The maker of high-end exercise bikes and treadmills thrived during COVID-19 outbreaks and sales growth for the New York City company doubled in 2020 and surged 120% in its last fiscal year.

The availability of vaccines and easing of COVID-19 restrictions, however, have opened up more workout options and Peloton has suffered. In February the company announced a major restructuring and abandoned plans to open its first U.S. factory, which would have employed 2,000 workers in Ohio. Co-founder John Foley stepped down as CEO and the company said it would cut nearly 3,000 jobs.

The latest data Tuesday raised more questions about how the company will move forward.

“After a couple of years of adoration, Peloton now finds itself in the unenviable position of having to justify its business model is both relevant and operationally sound in a post-pandemic era, said Neil Saunders, managing director of GlobalData. “Quite frankly, the jury is still out on both counts – but today’s results do nothing to make investors lean towards a favorable verdict,”

On Tuesday the company announced a binding commitment letter with JP Morgan and Goldman Sachs to borrow $750 million, but new CEO Barry McCarthy said in a letter to shareholders that Peloton ended the quarter with $879 million in cash, “which leaves us thinly capitalized for a business of our scale.”

Peloton ramped up fast during the pandemic, increasing its subscriber base from 700,000 to 3 million, but that growth has slowed, leaving the company loaded up with a substantial inventory of unsold bikes and treadmills.

McCarthy said the company has to rethink its capital structure at the same time that it pushes to expand its subscriber base to 100 million.

“Turnarounds are hard work,” McCarthy said in a letter to shareholders. “It’s intellectually challenging, emotionally draining, physically exhausting, and all consuming. It’s a full contact sport.”

McCarthy’s letter to shareholders emphasized again the company’s push to focus more on software, than on the hardware of bikes and treadmills.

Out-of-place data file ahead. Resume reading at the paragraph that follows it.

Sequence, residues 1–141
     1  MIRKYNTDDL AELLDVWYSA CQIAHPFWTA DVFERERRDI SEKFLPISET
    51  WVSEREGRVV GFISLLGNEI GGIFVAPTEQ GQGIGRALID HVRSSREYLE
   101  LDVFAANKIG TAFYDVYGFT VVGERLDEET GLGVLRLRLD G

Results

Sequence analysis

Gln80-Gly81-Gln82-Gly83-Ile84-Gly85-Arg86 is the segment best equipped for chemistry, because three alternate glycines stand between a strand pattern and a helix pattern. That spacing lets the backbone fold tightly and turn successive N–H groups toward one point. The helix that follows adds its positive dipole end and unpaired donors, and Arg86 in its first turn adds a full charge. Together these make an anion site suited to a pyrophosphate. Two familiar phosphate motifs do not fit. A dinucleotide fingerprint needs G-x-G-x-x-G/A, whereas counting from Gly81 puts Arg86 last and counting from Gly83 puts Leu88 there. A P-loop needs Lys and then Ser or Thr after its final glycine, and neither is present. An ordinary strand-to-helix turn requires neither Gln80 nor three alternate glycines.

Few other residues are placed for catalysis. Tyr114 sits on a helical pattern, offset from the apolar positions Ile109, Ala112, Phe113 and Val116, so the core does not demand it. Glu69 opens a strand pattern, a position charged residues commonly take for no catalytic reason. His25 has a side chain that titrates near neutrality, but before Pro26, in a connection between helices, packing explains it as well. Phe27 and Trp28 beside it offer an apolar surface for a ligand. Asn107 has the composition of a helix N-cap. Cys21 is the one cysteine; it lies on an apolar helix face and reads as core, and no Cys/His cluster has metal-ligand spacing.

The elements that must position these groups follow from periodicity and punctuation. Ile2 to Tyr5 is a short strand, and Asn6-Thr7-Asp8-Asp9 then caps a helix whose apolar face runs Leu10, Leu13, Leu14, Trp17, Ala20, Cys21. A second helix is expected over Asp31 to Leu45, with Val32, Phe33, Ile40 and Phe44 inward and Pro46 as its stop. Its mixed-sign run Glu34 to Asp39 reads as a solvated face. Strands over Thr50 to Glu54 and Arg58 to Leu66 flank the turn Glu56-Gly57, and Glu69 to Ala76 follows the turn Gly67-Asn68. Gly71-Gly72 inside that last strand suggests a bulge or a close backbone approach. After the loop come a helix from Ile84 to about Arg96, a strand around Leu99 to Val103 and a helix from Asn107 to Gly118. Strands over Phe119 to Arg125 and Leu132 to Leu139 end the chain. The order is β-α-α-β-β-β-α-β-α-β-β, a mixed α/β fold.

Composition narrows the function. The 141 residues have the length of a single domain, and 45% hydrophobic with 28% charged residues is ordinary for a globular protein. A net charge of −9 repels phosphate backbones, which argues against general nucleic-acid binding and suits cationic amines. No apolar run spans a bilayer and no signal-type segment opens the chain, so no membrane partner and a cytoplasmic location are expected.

That, according to UBS analyst Arpiné Kocharyan, would mean paying more to land customers compared with focusing on selling stationary bikes. After a cash flow burn of $747 million in the most recent quarter, Kocharyan believes that will lead to heightened concern about the cash Peloton has to work with.

Peloton Interactive Inc. lost $757.1 million, or $2.27 per share, for the three months ended March 31. Stripping out non-recurring items, it lost 98 cents per share, outpacing projections of a per-share loss of 85 cents, according to a survey by Zacks Investment Research.

The loss was far greater than last year when Peloton was $8.6 million in the red.

Revenue slid 15% to $964.3 million, which was also short of analyst projections.

Peloton said it’s looking at revenue this quarter to come in between $675 million and $700 million. That too soured investors in early trading. Industry analysts had been projecting fourth-quarter revenue of $820.3 million, according to FactSet.

Shares which have already fallen more than 60% this year, lost another $2.47 at the opening bell to sink to $11.66. At their peak, shares of Peloton cost as much as $171.

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